Audiobook Review: The Fifth Season by N.K. Jemisin

Source: Purchased 
Series: The Broken Earth Trilogy #1
Narrator: Robin Miles
Edition: Audiobook, 15 Hours 27 Minutes
Genre: Sci-fi Fantasy
Purchase: Amazon / Audible / Barnes & Noble
Rating: 4/5 Stars
This is the way the world ends. Again.

Three terrible things happen in a single day. Essun, a woman living an ordinary life in a small town, comes home to find that her husband has brutally murdered their son and kidnapped their daughter. Meanwhile, mighty Sanze — the world-spanning empire whose innovations have been civilization’s bedrock for a thousand years — collapses as most of its citizens are murdered to serve a madman’s vengeance. And worst of all, across the heart of the vast continent known as the Stillness, a great red rift has been torn into the heart of the earth, spewing ash enough to darken the sky for years. Or centuries.

Now Essun must pursue the wreckage of her family through a deadly, dying land. Without sunlight, clean water, or arable land, and with limited stockpiles of supplies, there will be war all across the Stillness: a battle royale of nations not for power or territory, but simply for the basic resources necessary to get through the long dark night. Essun does not care if the world falls apart around her. She’ll break it herself, if she must, to save her daughter.

Oh wow, what to say about the Fifth Season?! This is a unique little gem that tells the story of a world tearing itself apart, where some have the ability to move the earth beneath them and things are far more complicated than they initially seem. It’s intricate and bizarre and so so good!

The story is told from three perspectives: Damaya, Syenite, and Essun. All three are women who are considered Orogenes, those that can feel the earth beneath them and manipulate it as easy as they breathe. Each of these perspectives is incredibly different in tone giving us a pretty wide view on what it’s like for an Orogene in The Stillness (the world they live in). Each of these women is at different stages in life with different connections, and it just adds so much to the story to see how each one responds to oppression, abuse, and family. It’s truly difficult to pick a favorite perspective because each one adds something vital to the story and they work together to create this much wider picture slowly but surely over time.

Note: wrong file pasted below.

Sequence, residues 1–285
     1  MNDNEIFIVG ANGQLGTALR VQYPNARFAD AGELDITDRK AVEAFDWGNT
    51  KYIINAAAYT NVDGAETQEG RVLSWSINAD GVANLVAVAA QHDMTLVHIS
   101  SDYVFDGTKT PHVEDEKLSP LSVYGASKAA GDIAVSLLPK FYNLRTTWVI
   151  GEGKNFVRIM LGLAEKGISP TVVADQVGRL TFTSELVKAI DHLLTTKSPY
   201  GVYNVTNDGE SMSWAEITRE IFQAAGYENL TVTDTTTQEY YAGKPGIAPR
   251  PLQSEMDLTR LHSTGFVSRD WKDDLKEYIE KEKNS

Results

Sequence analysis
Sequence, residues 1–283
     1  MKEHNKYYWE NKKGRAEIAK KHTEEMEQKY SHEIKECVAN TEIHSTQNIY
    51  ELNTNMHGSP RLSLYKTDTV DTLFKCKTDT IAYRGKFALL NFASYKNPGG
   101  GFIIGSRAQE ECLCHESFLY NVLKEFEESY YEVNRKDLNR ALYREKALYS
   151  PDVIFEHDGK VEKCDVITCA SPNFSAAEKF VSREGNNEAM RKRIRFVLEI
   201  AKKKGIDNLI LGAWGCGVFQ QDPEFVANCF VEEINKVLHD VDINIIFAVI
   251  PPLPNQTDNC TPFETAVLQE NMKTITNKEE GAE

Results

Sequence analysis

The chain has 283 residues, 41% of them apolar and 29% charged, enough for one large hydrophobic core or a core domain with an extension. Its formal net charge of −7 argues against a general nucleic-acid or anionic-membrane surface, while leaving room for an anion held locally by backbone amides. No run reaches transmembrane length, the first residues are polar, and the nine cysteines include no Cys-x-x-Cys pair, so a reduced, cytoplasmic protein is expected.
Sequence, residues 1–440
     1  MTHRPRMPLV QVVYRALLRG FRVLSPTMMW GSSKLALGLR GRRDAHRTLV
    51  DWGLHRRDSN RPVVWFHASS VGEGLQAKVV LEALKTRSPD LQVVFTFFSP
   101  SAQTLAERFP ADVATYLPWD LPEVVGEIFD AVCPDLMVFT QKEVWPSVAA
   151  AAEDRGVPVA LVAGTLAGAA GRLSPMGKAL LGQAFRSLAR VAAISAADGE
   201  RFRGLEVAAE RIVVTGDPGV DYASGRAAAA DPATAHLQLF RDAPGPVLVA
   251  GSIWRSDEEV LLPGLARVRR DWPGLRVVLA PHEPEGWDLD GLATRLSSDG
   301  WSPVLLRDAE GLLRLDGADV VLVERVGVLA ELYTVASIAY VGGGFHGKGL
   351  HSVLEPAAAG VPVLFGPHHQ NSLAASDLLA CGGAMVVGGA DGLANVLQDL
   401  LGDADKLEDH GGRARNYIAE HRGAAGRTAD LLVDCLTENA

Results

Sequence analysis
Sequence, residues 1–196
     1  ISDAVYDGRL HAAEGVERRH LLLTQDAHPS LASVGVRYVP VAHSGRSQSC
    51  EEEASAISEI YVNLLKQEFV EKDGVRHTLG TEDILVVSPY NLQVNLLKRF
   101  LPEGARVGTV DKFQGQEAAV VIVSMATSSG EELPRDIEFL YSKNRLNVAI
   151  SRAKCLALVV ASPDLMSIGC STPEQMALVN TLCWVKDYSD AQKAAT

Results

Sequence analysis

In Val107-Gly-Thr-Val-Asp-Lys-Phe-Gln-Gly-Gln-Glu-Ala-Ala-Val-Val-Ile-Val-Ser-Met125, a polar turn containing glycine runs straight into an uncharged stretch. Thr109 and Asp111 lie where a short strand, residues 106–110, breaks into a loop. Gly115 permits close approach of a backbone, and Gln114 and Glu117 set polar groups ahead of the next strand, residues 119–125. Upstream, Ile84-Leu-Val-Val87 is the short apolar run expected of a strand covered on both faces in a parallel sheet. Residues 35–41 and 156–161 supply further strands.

The style of the story is where I think most people will have issues, and admittedly I did at first when I attempted this solely in print. Essun’s perspective is told in 2nd person, which is something rarely attempted in books, and you are placed into her story directly. It’s kind of bizarre at first, but I think it served to really add a level of emotion that I’m not sure would be there otherwise. We get a sense of how orogeny feels and how Essun struggles with her personal identity and loss. There is also the matter of world-building, which is done based on what our characters know themselves with the rare exceptions of the interludes which give you just a touch more than you should know. As a result we don’t get a clear picture of the planet’s history and culture surrounding Stonelore, because most of the characters we spend a lot of time with either don’t know the answers or keep them heavily guarded. This reads like a post-apocalyptic book set on our own Earth, which is never explicitly stated but I think kind of adds a level of wonder to the story. How did it get to this point? Why has the world and it’s people changed so much? 

The audio version of this book is absolutely excellent! While the print copy has a very helpful glossary of terms that I think is worth a little extra money to have on hand, I think the audio version is the way to go. Robin Miles the narrator, who I listened to for the novella Binti, does such an amazing job! She has an excellent range of voices and some fantastic pacing. 

For a book that has such an iffy start it quickly became one I didn’t want to put down. I’m super excited to move onto The Obelisk Gate and see just where these characters’ stories lead us, because after the intense ending it would be impossible not to continue onward. 

This entry was posted in Book Reviews (2018) and tagged , , , , . Bookmark the permalink.

1 Response to Audiobook Review: The Fifth Season by N.K. Jemisin

  1. I keep seeing this author all over the place lately. I’ll have to check them out. 👍✨

Thank you for stopping by! I hope you enjoyed it, leave a comment and tell me what you think.

Fill in your details below or click an icon to log in: Logo

You are commenting using your account. Log Out /  Change )

Google photo

You are commenting using your Google account. Log Out /  Change )

Twitter picture

You are commenting using your Twitter account. Log Out /  Change )

Facebook photo

You are commenting using your Facebook account. Log Out /  Change )

Connecting to %s

This site uses Akismet to reduce spam. Learn how your comment data is processed.